Hub for cruise ships
Singapore International Cruise Terminal will host many of the world's biggest cruise ships. Picture: Scott Frances

Now that Singapore has so successfully reinvented itself as a switched on "must-see" Asian city, that nation's focus has turned to becoming a leading Asian hub for international cruise ships.

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The state-of-the-art International Cruise Terminal, only minutes from the buzzy downtown area, is a glorious backdrop for any cruise ship's arrival.

SuperStar Virgo continues Star Cruises' tradition of voyaging from Singapore. Supplied picture
The new terminal on Marina Bay has berths on either side of a roomy finger pier and will become an important gateway to Singapore with facilities to accommodate the world's biggest cruise ships from companies such as Royal Caribbean, Carnival and Norwegian Cruise Lines.

One of the first mega-liners to use the new terminal is Royal Caribbean's Voyager of the Seas which spends summer in Australasian waters from November this year.

Voyager of the Seas carries 3000 passengers and is the biggest cruise ship to home-port in Australia. An ice-skating rink, rock-climbing wall, basketball court, mini-golf course, and promenade deck for street theatre, dancing, and duty-free shopping are among its attractions.

Singapore will be home base for Voyager of the Seas' short cruises to Malaysia and Thailand, before longer Asian cruises. It then cruises from Singapore to Australia via Thailand and Vietnam on October 22, calling into Port Hedland before arriving at Fremantle on November 5.

Singapore's new cruise terminal is close to the huge Marina Bay Sands Resort which is fast becoming a symbol of Singapore with its dramatic sky park and infinity pool that stretches, cantilever fashion, across three accommodation towers. Close by is the Singapore Flyer, a giant revolving wheel that offers an expansive view of the city.

Sun Princess will be one of the bigger ships to cruise from Singapore. Supplied picture
The new terminal is a timely construction as Asia expects huge growth in the cruise industry in coming decades as the worldwide cruise boom continues. At present only 10 per cent of the world's cruise ships include Asian ports on their itineraries.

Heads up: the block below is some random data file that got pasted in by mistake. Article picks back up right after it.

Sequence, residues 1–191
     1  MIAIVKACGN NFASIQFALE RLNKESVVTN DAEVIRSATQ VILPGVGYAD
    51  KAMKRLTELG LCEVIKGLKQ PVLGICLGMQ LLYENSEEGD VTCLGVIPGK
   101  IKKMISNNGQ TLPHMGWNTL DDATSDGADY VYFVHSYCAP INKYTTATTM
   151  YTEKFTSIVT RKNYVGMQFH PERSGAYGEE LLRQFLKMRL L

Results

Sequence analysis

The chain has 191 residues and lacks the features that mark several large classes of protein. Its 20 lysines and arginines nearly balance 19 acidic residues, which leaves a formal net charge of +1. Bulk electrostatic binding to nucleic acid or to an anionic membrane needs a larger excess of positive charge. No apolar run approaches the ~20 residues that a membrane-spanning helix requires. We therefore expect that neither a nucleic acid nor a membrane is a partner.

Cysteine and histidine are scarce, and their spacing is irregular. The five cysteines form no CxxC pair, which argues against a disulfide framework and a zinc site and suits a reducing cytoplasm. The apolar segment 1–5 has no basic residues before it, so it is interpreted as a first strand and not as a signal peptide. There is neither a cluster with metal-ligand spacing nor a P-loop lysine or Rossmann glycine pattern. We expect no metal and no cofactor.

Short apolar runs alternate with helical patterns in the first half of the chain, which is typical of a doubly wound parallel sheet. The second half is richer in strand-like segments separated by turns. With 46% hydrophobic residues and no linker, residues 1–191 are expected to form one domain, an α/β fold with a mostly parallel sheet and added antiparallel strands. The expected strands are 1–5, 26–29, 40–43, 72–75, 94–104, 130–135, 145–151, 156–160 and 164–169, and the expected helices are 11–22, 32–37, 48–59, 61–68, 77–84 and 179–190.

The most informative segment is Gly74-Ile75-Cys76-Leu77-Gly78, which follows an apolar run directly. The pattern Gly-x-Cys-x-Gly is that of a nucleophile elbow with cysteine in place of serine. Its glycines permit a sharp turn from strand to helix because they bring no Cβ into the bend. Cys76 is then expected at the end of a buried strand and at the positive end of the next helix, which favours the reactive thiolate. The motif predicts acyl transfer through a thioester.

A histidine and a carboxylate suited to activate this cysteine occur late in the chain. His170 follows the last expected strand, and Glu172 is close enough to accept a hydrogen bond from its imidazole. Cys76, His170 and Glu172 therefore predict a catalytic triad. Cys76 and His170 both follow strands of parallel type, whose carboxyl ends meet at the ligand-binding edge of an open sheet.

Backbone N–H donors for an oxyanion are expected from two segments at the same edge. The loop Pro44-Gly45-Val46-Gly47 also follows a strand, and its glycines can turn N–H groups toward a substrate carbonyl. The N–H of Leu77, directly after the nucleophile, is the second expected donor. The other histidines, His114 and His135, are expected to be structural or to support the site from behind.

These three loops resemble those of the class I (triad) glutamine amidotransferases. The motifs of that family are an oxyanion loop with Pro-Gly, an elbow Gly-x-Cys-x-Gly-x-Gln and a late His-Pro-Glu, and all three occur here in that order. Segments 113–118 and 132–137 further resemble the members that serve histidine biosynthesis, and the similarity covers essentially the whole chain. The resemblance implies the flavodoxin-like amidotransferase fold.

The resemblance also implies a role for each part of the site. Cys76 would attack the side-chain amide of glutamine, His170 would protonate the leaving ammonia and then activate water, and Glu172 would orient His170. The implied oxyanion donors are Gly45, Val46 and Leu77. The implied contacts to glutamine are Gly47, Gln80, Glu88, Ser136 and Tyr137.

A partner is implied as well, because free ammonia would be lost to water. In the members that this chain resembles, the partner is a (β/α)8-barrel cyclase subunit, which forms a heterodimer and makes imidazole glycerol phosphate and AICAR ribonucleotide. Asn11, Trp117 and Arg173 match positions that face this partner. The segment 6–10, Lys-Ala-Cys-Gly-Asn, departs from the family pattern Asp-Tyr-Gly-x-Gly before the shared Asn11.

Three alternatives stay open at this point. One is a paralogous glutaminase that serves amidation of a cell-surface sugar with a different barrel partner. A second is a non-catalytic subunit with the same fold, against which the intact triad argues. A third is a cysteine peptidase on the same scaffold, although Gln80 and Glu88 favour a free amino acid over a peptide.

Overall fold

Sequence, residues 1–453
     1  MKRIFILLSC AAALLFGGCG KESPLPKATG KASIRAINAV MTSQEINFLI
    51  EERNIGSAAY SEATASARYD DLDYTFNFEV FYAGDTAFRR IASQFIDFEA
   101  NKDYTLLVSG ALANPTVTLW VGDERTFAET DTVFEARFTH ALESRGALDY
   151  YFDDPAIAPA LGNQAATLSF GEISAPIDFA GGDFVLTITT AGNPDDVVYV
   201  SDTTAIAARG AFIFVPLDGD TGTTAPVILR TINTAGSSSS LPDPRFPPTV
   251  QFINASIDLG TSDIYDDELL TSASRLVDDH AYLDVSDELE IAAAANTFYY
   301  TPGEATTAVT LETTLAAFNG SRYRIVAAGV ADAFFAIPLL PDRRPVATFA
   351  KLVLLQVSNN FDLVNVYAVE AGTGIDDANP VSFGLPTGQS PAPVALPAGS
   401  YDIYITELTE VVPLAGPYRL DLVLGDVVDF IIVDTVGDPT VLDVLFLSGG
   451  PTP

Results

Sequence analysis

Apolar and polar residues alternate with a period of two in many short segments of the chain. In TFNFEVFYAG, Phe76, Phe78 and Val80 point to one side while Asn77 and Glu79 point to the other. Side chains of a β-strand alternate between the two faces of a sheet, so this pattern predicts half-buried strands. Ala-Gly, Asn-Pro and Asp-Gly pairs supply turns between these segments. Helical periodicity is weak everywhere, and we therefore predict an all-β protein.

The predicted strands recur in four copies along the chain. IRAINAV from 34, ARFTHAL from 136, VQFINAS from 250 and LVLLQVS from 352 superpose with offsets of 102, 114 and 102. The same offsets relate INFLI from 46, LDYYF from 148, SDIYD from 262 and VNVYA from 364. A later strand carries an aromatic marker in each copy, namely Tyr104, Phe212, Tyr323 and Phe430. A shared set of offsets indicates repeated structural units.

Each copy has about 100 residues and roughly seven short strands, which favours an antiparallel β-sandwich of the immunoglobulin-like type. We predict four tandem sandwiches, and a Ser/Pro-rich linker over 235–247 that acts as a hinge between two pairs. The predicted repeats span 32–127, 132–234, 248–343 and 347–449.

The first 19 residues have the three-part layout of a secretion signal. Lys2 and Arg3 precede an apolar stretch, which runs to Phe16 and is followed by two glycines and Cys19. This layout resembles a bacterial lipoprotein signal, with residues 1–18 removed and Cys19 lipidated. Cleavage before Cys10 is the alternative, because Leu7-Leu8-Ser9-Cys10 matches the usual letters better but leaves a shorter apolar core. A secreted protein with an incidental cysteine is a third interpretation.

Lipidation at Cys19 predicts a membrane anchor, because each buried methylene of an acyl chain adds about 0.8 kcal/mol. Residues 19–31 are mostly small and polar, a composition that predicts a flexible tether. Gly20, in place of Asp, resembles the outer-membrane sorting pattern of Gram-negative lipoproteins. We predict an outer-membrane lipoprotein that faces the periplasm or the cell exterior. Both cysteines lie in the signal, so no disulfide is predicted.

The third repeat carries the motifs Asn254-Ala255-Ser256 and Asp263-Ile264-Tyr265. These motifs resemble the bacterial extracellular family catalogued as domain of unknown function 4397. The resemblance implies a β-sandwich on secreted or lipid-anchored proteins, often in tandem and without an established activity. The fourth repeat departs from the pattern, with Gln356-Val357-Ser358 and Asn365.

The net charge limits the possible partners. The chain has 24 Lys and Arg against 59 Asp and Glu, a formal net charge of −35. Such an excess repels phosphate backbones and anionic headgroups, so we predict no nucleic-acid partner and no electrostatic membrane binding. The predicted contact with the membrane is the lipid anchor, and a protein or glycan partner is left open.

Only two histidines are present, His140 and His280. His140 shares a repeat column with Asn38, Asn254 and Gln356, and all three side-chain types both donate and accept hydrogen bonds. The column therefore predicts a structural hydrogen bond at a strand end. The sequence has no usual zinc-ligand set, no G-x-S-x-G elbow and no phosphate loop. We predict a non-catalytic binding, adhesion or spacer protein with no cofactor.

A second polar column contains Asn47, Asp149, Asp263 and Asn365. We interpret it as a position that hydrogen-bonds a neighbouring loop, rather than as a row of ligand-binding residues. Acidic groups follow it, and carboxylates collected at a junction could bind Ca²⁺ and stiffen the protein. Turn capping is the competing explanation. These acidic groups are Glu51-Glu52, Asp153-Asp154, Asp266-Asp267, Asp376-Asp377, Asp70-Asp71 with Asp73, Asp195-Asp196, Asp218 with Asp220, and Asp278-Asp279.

Singapore's confidence in the terminal comes as new figures show that a record 13.2 million international visitors arrived in the island state last year by air, land and sea, representing a 13 per cent increase on the previous year.

Visitors from Australia rose nine per cent in 2011 to 956,000 visitors, with signs of even greater growth this year.

Western Australians are continuing their love affair with Asia, seen as a familiar backyard, and are likely to be among the first cruise aficionados to make use of the Singapore terminal for cruises back to Australia, as well as using the city as a departure port for cruises further afield.

In December, Silver Shadow will sail on a 15-day cruise from Singapore to Australia via Bali, spending Christmas Eve and Christmas Day at sea, and arriving in Darwin on Boxing Day. Seabourn Odyssey will also sail from Singapore to Australia in mid-December with port calls in Indonesia and Komodo Island, which is home to the world's largest lizard, the Komodo dragon. Christmas Eve and Christmas Day will be celebrated at sea, and Seabourn Odyssey will arrive in Darwin on Boxing Day.

Athena, so well known to West Australians after several years based in Fremantle over summer seasons Down Under, will return to WA from Marseilles in France, with a visit to Singapore's new port before docking here on December 18 for the start of her summer season in Australia.

&bul; See www.singaporecruise.com.sg .There's more on itineraries from Singapore in our Cruising Guide in _Travel _ in The Weekend West.

The West Australian

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